Sprinting is multifactorial and dependent on a variety of kinematic, kinetic, and neuromuscular features. A key objective in sprinting is covering a set amount of distance in the shortest amount of time. To achieve this, sprinters are required to coordinate their entire body to achieve a fast sprint velocity. This suggests that a whole-body kinematic and neuromuscular coordinative strategy exists which is associated with improved sprint performance. The purpose of this study was to leverage inertial measurement units (IMUs) and wireless surface electromyography (sEMG) to find coordinative strategies associated with peak over-ground sprint velocity using machine learning. We recruited 40 healthy university age sprint-based athletes from a variety of athletic backgrounds. IMU and sEMG data were used as inputs into a principal components analysis (PCA) to observe major modes of variation (i.e., PC scores). PC scores were then used as inputs into a stepwise multivariate linear regression model to derive associations of each mode of variation with peak sprint velocity. Both the kinematic (R2 = 0.795) and sEMG data (R2 = 0.586) produced significant multivariate linear regression models. The PCs that were selected as inputs into the multivariate linear regression model were reconstructed using multi-component reconstruction to produce a representation of the whole-body movement pattern and changes in the sEMG waveform associated with faster sprint velocities. The findings of this work suggest that distinct features are associated with faster sprint velocity. These include the timing of the contralateral arm and leg swing, stance leg kinematics, dynamic trunk extension at toe-off, asymmetry between the right and left swing side leg and a phase shift feature of the posterior chain musculature. These results demonstrate the utility of data-driven frameworks in identifying different coordinative features that are associated with a movement outcome. Using our framework, coaches and biomechanists can make decisions based on objective movement information, which can ultimately improve an athlete's performance.
... One HSI mechanism occurs when the hamstrings are lengthening while producing force (eccentric) to slow the limb during the swing phase of high-speed running (Chumanov et al., 2011;Heiderscheit et al., 2005;Hickey et al., 2022;Kenneally-Dabrowski et al., 2019). For this reason, eccentric strength assessments are frequently used as targets for predicting HSI injury risk and determining an athlete's readiness for return to sport (RTS) (Bourne et al., 2015;Opar et al., 2015;Timmins et al., 2016;Wille et al., 2022). ...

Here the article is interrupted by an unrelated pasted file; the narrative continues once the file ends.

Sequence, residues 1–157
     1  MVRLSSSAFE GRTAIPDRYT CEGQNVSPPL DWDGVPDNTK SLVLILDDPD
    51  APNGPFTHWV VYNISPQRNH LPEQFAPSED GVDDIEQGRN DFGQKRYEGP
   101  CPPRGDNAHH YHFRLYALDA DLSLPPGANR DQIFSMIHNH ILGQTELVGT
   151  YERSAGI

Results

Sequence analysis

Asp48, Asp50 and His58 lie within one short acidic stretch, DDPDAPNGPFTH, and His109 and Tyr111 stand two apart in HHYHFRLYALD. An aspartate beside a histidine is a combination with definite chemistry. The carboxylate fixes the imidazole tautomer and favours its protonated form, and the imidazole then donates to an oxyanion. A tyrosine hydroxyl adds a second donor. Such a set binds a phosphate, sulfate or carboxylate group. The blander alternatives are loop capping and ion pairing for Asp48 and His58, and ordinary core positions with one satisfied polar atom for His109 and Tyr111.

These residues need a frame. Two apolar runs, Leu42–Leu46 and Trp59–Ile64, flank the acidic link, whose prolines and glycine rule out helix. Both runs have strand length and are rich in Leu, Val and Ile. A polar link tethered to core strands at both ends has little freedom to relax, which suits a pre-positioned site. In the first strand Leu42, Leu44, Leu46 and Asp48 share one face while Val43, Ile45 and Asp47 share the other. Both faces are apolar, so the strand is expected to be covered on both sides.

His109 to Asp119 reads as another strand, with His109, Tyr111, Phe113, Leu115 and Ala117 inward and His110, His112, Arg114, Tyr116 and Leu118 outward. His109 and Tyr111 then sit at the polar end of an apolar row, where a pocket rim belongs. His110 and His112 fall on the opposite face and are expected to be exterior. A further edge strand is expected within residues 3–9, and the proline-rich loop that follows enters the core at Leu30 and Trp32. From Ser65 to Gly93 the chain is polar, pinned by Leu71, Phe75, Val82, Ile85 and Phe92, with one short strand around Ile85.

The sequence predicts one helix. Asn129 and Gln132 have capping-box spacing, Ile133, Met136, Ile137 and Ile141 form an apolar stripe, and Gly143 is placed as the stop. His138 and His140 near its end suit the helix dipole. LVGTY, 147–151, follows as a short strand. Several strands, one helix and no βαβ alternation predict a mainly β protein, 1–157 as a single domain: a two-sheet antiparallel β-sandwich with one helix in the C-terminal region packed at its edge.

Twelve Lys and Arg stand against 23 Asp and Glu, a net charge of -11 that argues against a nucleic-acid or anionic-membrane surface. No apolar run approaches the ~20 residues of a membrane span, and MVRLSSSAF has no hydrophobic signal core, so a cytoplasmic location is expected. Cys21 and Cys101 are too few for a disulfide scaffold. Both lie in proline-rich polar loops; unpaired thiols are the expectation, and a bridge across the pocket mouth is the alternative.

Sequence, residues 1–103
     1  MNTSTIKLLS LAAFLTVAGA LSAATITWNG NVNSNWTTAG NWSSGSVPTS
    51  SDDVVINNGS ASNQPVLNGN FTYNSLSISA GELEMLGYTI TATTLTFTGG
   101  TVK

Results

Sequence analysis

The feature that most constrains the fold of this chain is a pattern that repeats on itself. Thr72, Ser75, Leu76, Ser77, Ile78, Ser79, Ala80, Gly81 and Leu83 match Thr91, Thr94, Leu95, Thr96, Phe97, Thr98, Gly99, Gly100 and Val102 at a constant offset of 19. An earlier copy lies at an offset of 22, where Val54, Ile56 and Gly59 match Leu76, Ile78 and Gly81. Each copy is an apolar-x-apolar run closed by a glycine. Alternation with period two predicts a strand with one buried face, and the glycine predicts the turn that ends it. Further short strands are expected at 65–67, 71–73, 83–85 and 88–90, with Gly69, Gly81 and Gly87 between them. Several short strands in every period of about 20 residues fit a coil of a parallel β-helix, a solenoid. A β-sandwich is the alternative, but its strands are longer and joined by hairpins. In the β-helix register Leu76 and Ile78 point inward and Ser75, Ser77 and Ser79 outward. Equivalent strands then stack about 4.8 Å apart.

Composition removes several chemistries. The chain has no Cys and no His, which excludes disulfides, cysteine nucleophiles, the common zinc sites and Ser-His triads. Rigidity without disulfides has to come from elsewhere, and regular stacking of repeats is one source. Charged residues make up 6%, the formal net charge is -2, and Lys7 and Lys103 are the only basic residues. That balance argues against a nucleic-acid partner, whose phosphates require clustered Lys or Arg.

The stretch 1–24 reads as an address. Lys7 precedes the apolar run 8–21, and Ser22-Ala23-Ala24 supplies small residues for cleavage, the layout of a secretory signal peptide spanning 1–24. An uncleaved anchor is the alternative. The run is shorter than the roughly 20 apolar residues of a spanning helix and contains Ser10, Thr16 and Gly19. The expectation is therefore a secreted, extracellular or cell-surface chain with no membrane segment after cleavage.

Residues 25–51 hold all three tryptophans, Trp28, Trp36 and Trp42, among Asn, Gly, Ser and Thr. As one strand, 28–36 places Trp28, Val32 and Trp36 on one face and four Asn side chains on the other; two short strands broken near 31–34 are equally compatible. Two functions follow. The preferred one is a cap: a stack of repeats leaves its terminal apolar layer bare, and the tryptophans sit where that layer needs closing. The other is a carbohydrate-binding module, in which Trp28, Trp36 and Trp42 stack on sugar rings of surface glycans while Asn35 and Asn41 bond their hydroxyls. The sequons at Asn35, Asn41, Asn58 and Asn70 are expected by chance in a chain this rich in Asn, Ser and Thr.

Article
Objectives The primary aim of this study was to describe eccentric hamstring strength magnitude and asymmetry at the time of return-to-sport (RTS) after an index hamstring strain injury (HSI) and determine if there were differences in strength asymmetry at RTS between those who did and did not go on to re-injure within 1-month and within 3-months of RTS. Design Cross-sectional study. Setting Laboratory-based. Participants Sixty National Collegiate Athletic Association Division I athletes with index HSI. Main Outcome Measures: Maximum hamstring eccentric strength for each limb, total maximum strength summed across limbs, and between-limb asymmetry at the time of RTS following the index HSI, assessed using the NordBord Hamstring Testing System. Results Of the 60 index HSIs, 8 (13%), and 11 (18%) re-injuries occurred within 1 and 3-months of RTS, respectively. There were no differences between those who did and did not re-injure in maximum eccentric force of either limb (p-values≥0.52), total force from both limbs (p-values≥0.47), and between limb force asymmetry (p-values≥0.91), regardless if re-injury occurred within 1 or 3-months after RTS. Conclusions Eccentric hamstring strength and asymmetry measured at the time of RTS did not differ between those who did and did not re-injure within 3-months of RTS.
... Future work should compare these task-specific effects on MTU mechanics during various movements while rectify the aforementioned shortcoming of prior studies. Controversy exists regarding whether hamstring muscle strain injury occurs during swing or early stance (Kenneally-Dabrowski et al., 2019). Interestingly, all four hamstring muscles changed from eccentric to concentric contraction at the point of transition from swing to stance (i.e., foot-ground contact), as indicated by shortening fibre velocities in combination with substantial activations. ...
... In contrast, Pinniger et al. (2000) [43] found that, when fatigued, athletes adopted a movement pattern that would be more protective (i.e., associated with less hamstring strain). Specifically, pilot studies showed that modifications in trunk, hip, or knee angle led to changes in hamstring length that were prospectively associated with hamstring injury risk [45][46][47][48][49]. ...
Article
Full-text available